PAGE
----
How You Can Charge More When You Guarantee Value

When times are tough, and the pressure is on to perform, the instinct for a lot of businesses unfamiliar with the 7  Levers of Business,  may be to drop your pants and discount, price check to undercut the competition, or just promote through price and price alone. Yet these are often the last things businesses should be doing.

As we talk about a lot here, there are 7 key drivers of profit for a business, with pricing being just one.  In fact if you drop your prices by 10%, you better hope it increases your conversion rate by 12% – as that is what it takes to just keep at the same gross profit position! 

So why is price such a focus point for business owners? 

For a lot of people, increasing prices, even just by 10%  in line with the 7 Levers, can be a hard psychological battle as well – and thus, is often the last lever they are willing to tackle.

Well, this short excerpt from Pricing for Profit: How to Develop a Powerful Pricing Strategy for Your Business demonstrates a fantastic case study on exploring how presentation of pricing affects buying decisions.

The entire book by Peter Hill is full of similar frameworks and ways to increase prices, without losing business, so make sure you check it out. 


The No Rain Guarantee…

Coastline Vistas Limited (CVL), owned and let holiday homes. The business had been stable for some years, but struggled to make a decent profit simply because of the costs of running the business. They could have run 100 homes with the same infrastructure and personnel and would then have made a good profit, but they only had 40 homes and hence it was hard to massively increase revenues as a route to increasing profits. These properties seemed to be worth more than the owners currently had the confidence to charge. Indeed you could have rented one of their luxury four-bed homes with state-of-the-art TVs and fully fitted kitchens, etc for the same price as a caravan on a holiday park.

A price increase of £100 per week on each one was suggested. This was based on research of comparable accommodation in the same area. The client was understandably concerned as the nature of holiday rentals means that if you set prices too high or too low, then you are stuck with these for the whole season. Too high and you get no lettings; too low and you are busy fools for four months with no profit at the end.

What I suggested was that we add the £100 to the price of each week’s holiday, but with a special Summer Sun Guarantee. The offer was:

If it rains for more than half your holiday, then you will get £100 cash back to contribute towards the cost of indoor activities, since you would be unable to enjoy the countryside or the beaches for free.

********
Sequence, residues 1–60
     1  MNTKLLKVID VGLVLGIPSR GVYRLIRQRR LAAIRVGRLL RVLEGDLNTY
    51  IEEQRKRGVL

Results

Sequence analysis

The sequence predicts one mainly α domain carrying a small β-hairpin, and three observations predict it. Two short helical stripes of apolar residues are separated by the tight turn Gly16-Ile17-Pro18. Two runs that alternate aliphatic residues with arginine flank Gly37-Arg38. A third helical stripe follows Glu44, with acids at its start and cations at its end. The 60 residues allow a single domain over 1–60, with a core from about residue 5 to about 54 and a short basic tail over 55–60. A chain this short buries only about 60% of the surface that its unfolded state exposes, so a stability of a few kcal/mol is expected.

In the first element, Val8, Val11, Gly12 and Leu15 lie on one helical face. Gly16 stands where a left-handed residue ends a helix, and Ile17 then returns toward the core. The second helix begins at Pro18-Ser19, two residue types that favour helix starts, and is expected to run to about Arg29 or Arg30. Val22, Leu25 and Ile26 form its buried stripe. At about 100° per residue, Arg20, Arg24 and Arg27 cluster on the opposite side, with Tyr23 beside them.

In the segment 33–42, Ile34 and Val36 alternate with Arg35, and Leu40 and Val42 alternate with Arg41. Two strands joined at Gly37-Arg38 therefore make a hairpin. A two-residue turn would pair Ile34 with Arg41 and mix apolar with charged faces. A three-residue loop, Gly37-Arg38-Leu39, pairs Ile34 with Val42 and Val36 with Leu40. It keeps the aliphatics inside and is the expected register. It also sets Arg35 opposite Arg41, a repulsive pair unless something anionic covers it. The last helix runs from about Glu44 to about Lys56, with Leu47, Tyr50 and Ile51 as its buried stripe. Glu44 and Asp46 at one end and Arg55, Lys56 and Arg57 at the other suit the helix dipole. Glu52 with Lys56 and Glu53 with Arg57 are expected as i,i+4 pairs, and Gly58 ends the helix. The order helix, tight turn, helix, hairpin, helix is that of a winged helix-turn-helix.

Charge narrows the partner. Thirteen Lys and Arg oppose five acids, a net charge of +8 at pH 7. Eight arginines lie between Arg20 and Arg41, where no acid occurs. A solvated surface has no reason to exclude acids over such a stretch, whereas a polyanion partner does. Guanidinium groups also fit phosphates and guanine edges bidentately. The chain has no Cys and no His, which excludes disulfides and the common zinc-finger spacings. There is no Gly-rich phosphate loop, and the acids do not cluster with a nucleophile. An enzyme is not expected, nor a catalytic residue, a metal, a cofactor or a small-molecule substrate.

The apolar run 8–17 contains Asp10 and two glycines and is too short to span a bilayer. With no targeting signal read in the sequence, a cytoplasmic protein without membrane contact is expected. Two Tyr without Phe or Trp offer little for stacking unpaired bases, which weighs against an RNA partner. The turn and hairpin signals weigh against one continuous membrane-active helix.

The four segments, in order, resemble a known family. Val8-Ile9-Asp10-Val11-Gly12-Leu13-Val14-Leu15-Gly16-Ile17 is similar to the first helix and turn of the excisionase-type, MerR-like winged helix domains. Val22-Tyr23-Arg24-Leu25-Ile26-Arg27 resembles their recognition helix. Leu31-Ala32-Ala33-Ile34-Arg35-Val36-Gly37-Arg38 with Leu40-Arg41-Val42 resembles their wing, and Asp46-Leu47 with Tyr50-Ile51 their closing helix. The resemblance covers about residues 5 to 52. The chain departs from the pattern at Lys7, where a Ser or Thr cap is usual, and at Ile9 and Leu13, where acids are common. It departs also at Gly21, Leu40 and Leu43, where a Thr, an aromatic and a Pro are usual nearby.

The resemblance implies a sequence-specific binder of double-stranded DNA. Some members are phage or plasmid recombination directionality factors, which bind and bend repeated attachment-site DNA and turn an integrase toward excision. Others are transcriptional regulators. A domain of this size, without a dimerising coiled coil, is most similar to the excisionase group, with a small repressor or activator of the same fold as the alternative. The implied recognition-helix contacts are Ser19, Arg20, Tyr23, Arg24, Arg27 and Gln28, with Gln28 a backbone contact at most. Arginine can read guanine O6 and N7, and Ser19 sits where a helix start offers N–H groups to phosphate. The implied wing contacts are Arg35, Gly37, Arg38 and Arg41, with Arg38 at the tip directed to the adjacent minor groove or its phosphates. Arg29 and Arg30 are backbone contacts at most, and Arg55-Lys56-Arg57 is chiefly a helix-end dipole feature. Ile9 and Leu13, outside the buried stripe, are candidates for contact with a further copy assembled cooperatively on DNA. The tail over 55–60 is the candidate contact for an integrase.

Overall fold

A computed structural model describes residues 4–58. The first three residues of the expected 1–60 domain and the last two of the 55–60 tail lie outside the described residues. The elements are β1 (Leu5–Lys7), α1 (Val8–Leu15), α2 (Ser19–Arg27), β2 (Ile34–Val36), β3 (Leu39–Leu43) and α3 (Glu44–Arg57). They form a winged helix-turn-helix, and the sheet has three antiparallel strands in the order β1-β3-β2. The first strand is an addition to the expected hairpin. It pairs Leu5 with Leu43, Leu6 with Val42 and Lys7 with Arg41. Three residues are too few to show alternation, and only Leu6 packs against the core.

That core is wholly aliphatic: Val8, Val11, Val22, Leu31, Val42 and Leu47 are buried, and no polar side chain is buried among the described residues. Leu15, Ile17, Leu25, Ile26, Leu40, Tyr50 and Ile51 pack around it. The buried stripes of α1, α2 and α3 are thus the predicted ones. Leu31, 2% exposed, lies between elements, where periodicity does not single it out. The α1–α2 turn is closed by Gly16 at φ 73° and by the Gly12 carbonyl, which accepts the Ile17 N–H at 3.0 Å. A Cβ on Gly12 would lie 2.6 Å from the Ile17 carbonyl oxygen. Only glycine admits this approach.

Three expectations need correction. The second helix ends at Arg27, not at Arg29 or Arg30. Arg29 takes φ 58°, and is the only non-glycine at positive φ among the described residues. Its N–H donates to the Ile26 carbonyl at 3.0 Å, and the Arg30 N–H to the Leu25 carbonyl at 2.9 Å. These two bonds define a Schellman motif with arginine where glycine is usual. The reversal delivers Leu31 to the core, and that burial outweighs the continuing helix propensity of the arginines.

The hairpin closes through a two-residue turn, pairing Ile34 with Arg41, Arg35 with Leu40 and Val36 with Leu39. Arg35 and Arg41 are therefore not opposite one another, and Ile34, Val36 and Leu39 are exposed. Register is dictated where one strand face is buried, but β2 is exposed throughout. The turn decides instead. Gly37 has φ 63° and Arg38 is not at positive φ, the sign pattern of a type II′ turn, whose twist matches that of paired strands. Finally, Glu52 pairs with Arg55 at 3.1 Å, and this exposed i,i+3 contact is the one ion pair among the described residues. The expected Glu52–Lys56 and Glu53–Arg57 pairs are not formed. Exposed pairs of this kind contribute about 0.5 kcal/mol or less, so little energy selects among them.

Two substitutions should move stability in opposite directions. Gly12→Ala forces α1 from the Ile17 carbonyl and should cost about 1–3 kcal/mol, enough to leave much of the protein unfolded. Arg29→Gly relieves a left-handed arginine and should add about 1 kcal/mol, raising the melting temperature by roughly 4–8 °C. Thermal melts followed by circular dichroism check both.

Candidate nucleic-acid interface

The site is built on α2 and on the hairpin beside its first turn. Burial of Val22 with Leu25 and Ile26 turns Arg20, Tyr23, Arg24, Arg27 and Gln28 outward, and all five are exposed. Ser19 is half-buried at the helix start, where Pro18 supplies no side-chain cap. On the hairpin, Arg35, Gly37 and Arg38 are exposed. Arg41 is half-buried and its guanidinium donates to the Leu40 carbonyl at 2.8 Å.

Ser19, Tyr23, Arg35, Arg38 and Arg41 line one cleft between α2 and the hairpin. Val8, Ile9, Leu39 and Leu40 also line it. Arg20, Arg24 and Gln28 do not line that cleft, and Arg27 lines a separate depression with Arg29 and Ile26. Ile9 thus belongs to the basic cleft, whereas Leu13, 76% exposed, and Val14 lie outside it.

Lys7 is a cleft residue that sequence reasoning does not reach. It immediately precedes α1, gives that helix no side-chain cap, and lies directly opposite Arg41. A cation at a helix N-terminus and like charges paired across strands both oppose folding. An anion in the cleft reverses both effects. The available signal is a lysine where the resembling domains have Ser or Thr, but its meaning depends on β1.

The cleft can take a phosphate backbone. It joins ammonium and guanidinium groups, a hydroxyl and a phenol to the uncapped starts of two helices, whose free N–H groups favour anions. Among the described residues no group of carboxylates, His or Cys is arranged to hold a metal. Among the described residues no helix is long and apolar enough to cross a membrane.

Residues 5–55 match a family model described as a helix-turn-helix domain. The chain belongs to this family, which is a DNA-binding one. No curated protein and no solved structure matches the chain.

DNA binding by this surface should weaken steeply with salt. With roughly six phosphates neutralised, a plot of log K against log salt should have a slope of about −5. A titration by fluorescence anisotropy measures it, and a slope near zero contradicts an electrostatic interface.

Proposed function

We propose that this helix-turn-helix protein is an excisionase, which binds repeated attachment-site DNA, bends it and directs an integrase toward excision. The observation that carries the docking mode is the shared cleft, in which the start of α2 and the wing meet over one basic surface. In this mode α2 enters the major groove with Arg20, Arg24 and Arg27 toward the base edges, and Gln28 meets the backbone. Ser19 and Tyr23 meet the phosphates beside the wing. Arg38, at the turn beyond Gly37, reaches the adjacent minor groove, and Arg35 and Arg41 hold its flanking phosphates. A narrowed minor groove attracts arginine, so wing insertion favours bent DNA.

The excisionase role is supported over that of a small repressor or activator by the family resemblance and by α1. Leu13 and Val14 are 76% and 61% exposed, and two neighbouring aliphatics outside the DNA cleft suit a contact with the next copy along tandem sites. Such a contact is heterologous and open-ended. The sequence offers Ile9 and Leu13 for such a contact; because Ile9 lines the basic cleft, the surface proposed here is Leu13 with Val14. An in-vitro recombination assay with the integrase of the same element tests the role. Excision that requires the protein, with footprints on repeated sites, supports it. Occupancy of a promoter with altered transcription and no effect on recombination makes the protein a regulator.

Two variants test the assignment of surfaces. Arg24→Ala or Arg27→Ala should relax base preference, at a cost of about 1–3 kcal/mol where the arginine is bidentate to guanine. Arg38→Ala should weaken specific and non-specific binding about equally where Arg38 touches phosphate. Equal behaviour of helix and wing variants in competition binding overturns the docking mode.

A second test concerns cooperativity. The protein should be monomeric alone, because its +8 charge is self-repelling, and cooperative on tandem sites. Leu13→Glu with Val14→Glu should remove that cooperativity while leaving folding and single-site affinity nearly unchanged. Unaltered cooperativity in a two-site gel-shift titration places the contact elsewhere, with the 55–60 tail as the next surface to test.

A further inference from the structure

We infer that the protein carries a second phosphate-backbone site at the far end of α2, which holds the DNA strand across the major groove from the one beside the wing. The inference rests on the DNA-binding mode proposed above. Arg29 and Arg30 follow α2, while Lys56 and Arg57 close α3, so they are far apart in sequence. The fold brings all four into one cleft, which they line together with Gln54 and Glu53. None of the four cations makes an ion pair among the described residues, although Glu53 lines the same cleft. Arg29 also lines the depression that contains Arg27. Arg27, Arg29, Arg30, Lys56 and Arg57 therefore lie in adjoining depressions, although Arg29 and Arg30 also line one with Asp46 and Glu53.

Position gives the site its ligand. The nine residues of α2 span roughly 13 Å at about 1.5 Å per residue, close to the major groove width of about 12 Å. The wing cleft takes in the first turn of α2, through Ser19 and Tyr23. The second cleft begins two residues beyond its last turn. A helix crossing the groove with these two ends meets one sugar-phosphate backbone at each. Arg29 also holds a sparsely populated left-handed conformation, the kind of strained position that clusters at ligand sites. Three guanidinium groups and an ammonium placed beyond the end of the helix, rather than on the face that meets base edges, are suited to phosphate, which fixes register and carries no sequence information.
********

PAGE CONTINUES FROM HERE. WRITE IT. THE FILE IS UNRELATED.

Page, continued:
There was an incredible amount of debate about rain-monitoring systems and when refunds would be triggered, but that was immaterial. If it rained, they were only giving back this additional £100 that they would not have otherwise had. No competitors offered this guarantee.

The purpose of the exercise was to test the customers’ reaction to the higher prices, in order that the client might gain the confidence to hold or even increase these prices in the next and subsequent years. It was all about testing the market and exploring how presentation of pricing affects buying decisions.

The running costs of the business were unaffected by the price change. It is possible that they lost a few customers where the headline price now appeared too high, and with people who didn’t see value in the guarantee; but it is equally possible that they gained a few who loved the idea, which many told us.

The only important question is whether they made any more money as a result. In that year the turnover increased by £50k from letting the properties at an extra £100 per week over the summer. From this we then needed to deduct the amounts given back under guarantee.

So how much did we give back? Nothing at all. Fortunately, the weather was great, and no one asked for refunds. The business made £50k more profit, doubling what it would have made without this price change.

You may be reading this thinking that it has no relationship to your own business either in scale or in the industry you work in. The point is much simpler than that. The fresh perspective on their business, looking at it as a profit-making machine, considered a number of ideas to improve the results. Despite resistance to the changes, this course of action more than doubled the results of the previous year. Could they, or would they, have come up with this idea on their own, and would they have had the courage to try it without external pressure? No.

When you read on through the book, Pricing for Profit: How to Develop a Powerful Pricing Strategy for Your Business, I guarantee that there will be other simple ideas and actions you could take that may well have the same impact on your business, but if you only see the reasons not to have a go, then you won’t make a penny more.

Excerpted from Pricing for Profit: How to Develop a Powerful Pricing Strategy for your Business by Peter Hill (978-0-7494-6767-8). Published July 2013 by Kogan Page. Copyright 2013 by Peter Hill. Reproduced by permission of Kogan Page.
  • Mike Dancy

    Quality can always command a higher price. If the service is good, people will pay attention and be willing to part with their money. I’m going to read your book Pricing for Profit: How to Develop a Powerful Pricing Strategy for Your Business. It seems that too many businesses undervalue their services and sell themselves short.

Pete Williams is an entrepreneur, author, and marketer from Melbourne, Australia.

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